Figure 2.2 shows that at the time of writing, the international market still remained largely closed owing to quarantines and border closures, so the overall number of flights is significantly lower.
The graph of figure 2.3 represents the forecast trend of passenger traffic for the next three years. IATA’s economists believe that traffic will not recover to its pre-COVID baseline and trends until 2024 and even with that there is a wide range of uncertainty which will include factors like the progress of vaccines and vaccinations (there had been some positive news on this front at the time of writing), the existence of governmental restrictions and other factors.
In figure 2.4, we have compared the number of parked aircraft at two points in a year, April 2019 vs April 2020, and September 2019 vs September 2020. This shows that the number of parked aircraft increased by April 2020 but that by September 2020 there was some improvement. However, we should also keep in mind that the number of active aircraft is never 100 percent, there is always a base line of approximately 10 percent of aircraft that are parked for various operational or maintenance/technical or business reasons, so we should discount the percentage of currently parked aircraft by the percentage of aircraft that would normally be parked anyway.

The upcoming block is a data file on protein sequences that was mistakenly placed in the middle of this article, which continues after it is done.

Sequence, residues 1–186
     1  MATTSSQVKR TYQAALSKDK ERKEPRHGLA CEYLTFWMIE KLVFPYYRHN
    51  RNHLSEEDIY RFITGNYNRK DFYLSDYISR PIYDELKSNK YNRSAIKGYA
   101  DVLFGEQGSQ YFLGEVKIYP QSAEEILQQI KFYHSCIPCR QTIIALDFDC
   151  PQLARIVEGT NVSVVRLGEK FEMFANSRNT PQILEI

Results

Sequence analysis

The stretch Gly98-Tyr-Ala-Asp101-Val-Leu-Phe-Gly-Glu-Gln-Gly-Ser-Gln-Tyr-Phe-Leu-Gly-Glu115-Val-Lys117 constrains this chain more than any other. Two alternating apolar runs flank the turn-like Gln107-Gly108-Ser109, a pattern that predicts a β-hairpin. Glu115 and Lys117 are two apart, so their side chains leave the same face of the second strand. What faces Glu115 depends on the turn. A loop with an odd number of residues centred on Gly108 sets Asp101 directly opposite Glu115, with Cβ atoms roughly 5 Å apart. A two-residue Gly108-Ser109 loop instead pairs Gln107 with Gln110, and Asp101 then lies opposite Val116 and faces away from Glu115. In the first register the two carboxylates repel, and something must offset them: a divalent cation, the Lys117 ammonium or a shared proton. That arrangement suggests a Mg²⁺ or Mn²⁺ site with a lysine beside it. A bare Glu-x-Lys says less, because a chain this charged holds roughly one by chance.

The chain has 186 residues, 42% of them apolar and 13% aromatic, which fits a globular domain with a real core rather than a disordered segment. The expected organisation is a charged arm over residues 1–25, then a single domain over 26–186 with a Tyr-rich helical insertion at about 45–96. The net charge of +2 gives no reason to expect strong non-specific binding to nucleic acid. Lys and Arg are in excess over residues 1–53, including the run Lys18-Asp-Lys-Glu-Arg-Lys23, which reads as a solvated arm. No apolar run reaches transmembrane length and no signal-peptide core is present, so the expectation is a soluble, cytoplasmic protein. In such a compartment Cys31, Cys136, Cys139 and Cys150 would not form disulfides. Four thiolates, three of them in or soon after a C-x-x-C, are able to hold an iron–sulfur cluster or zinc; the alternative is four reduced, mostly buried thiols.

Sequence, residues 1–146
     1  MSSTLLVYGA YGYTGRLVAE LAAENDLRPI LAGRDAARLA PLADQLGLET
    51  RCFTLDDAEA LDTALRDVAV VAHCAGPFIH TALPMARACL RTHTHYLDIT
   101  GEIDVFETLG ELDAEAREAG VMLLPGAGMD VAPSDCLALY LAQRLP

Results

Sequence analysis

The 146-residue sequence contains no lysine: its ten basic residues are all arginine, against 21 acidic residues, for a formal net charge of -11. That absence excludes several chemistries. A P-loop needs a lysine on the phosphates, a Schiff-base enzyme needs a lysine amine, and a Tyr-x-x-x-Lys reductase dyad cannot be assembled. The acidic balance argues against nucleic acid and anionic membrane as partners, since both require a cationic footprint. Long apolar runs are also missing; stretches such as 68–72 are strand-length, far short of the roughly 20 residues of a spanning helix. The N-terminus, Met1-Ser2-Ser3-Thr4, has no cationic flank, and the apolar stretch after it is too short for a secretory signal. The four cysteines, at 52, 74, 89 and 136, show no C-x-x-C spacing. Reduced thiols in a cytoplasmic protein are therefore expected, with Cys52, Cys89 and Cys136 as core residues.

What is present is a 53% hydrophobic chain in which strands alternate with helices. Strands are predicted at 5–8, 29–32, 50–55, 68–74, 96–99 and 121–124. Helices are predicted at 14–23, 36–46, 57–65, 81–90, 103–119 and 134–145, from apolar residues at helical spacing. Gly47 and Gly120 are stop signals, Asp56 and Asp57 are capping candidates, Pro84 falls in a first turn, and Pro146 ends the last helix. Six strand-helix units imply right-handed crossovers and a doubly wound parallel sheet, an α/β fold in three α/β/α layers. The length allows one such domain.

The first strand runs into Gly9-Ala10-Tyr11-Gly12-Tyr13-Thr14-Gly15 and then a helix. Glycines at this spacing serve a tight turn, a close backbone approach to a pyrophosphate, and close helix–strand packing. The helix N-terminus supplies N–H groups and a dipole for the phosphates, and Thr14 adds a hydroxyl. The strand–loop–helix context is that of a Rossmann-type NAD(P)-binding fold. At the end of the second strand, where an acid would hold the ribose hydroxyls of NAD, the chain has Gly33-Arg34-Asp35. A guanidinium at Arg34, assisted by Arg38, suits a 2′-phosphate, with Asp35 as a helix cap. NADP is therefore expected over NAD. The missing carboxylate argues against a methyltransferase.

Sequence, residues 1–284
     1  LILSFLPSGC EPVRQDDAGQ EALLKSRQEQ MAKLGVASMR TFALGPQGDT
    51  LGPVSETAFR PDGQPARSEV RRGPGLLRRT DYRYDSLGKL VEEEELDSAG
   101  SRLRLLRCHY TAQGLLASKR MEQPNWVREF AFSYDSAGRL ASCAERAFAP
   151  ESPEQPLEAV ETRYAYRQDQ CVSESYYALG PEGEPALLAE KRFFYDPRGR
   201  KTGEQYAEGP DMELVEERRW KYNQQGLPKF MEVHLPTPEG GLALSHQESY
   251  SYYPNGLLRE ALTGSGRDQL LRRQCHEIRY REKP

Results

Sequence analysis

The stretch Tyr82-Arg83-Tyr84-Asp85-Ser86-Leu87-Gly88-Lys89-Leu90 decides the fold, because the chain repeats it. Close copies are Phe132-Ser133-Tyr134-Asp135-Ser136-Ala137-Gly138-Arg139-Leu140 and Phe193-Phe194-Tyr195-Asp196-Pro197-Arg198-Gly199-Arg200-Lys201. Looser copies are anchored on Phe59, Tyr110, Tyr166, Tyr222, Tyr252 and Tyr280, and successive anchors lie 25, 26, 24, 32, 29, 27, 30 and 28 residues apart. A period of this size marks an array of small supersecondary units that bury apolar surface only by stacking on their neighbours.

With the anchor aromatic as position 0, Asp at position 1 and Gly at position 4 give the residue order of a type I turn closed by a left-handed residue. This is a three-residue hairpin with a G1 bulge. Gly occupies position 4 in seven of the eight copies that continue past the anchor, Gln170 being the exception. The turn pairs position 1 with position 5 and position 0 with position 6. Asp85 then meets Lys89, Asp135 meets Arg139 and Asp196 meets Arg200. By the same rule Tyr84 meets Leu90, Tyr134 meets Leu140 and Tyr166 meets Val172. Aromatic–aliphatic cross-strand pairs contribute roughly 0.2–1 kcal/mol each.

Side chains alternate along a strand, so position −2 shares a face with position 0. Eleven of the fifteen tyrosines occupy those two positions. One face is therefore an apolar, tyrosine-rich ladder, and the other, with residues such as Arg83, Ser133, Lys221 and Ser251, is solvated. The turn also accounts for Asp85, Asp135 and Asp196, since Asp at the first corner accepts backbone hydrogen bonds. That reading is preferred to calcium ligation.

In figure 2.5, we can also see the approximate structure of revenue from a flight in pre-COVID times and that shows that passenger revenue equates to 90 percent for the Transatlantic region and nearly 80 percent in the Middle East/Asia region. It also shows the moderate profit levels generated in both regions, which is about 10 percent and it shows that cargo belly revenues contribute respectively 12 percent and 17 percent to the revenue.
Holding those numbers in mind as we look at figure 2.6 to see the current situation post-COVID…
… right away, it can be seen that cargo belly revenues have increased to respectively 32 percent (Transatlantic) and 45 percent (Middle East/Asia) in the structure of flight revenue. Also, it can be seen that the total loss on a flight in the Transatlantic region averages to -25 percent while in the Middle East/Asia region flights are still profitable mostly due to that increased cargo belly revenue. Also, in the Asian region, domestic markets are almost restored to pre-pandemic levels which also improves the situation and generates 11 percent profit on the average flight.
IATA AT THE FOREFRONT OF ADVOCACY FOR A SAFE RESTART